Access Granted

FAS, fishing

Access Granted

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David Tucker

The importance of Fishing Access Sites.  

Montana’s fishing access is the envy of the nation and the pride of area anglers. Nowhere else in the country is so much prize water just a short drive away, and for free no less. Elsewhere across the West, anglers crowd the few public-access points, making solitude nonexistent and success hard to come by. In Montana, 332 (and counting) Fishing Access Sites (FAS) grant anglers unrivaled opportunity. 

Not only do anglers benefit, but so do boaters, floaters, kayakers, wildlife watchers, hunters, and hikers. How does all this access come to be? Where did the land come from and who pays for it? Streamside digs aren’t cheap, and they aren’t making more of it anytime soon. The answer: sportsman’s licenses, state motorboat registration fees, federal Sport Fish Restoration fees, and a portion of the Light Vehicle Registration fee. Conservation funds such as the Land and Water Conservation Fund also contribute in a big way to land acquisitions ranging from a few acres to a few hundred. This ensures that day-use access is free, and that overnight camping permits are affordable. Whether a resident or not, when you renew your fishing license every year, you are making a down-payment on access

Region 3 alone has dozens of access points along all the major rivers, including the Yellowstone, Gallatin, Madison, and Jefferson. While many access points have paved parking lots and improved boat launches, some are also excellent spots to wade-fish. On summer mornings or evenings, FASs can be crowded with floaters putting on or taking off, so exercise patience and observe proper etiquette. On most rivers, FASs are well spaced to provide for half- and full-day trips. Most likely, these will be the only legal places to enter and exit the river, so unless you have an arrangement with a landowner along the way, know how far you are from the next take-out. Nightfall comes quick when the fishing is good.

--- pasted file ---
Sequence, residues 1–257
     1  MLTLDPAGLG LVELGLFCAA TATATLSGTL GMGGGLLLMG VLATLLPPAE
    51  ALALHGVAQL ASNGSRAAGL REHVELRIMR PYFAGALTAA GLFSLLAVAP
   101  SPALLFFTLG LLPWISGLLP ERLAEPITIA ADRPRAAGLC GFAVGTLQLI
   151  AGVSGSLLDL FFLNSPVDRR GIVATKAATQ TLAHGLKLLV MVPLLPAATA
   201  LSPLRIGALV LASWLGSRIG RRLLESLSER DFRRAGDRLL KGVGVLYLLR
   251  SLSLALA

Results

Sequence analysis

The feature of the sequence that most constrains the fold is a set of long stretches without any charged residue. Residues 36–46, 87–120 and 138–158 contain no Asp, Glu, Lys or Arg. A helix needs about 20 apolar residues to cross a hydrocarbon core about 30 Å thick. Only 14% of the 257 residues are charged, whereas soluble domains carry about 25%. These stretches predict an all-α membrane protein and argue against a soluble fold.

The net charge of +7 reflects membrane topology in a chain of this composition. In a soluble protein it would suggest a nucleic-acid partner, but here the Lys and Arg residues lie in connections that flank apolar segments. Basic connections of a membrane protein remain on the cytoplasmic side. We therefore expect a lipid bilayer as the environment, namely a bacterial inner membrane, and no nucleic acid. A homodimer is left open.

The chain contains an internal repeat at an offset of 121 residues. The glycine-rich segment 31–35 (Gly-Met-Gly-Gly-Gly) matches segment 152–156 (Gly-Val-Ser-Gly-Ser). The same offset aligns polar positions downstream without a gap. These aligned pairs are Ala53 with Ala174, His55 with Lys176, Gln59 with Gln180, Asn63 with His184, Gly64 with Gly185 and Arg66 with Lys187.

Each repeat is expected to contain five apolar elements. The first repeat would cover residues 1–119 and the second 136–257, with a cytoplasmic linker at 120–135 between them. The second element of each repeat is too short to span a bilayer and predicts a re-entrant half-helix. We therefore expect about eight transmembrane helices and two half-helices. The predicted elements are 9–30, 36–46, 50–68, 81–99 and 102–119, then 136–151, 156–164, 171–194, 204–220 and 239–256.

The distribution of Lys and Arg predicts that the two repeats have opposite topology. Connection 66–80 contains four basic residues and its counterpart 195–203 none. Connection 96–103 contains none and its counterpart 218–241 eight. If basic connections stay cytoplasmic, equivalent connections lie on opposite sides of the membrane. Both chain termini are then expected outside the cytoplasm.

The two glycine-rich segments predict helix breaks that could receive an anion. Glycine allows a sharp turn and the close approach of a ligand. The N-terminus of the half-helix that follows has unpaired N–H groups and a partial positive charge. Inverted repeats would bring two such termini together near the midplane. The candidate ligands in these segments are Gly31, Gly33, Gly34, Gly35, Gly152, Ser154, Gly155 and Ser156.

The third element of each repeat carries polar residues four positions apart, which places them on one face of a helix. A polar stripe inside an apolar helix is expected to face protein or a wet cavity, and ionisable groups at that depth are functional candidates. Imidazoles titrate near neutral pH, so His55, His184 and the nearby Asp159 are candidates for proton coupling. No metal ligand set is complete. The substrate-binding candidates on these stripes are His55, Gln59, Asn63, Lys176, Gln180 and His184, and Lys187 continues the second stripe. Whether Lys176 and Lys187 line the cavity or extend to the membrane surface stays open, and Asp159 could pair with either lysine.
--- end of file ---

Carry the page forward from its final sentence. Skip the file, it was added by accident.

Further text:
While Montana Fish, Wildlife & Parks has staff dedicated to maintaining FASs, like any government agency, resources are scarce. Luckily, angling organizations, conservation groups, and other nongovernmental entities host cleanup and enhancement days throughout the summer. For example, the Madison River Foundation and the Joe Brooks Chapter of Trout Unlimited both sponsor summer-long programs aimed at enhancing the water resource, and one-day cleanups at specific access sites. Check out their websites or social media for more information.

The Montana’s Fishing Access Resource Guide is an invaluable resource for any angler. It has a comprehensive list of all FASs in the state, listing access by water body and indicating where camping is allowed. As with most public-land camping in Montana, sites are booked on a first-come, first-served basis, so be prepared for full campgrounds on busy summer weekends. 

This network of publicly managed access sites is essential for the development and sustainability of our water-based recreation economy. While anglers pay their fair share, most kayakers, tubers, and swimmers get off scot-free. If you’re reading this guide, you most likely have at the very least purchased a fishing license, meaning you’ve taken an important step to funding Montana’s Fishing Access program. If you fall into the freeloading segment of river users, consider a donation to an angling organization or plan to help out during a cleanup day. FASs are a treasure well worth protecting.

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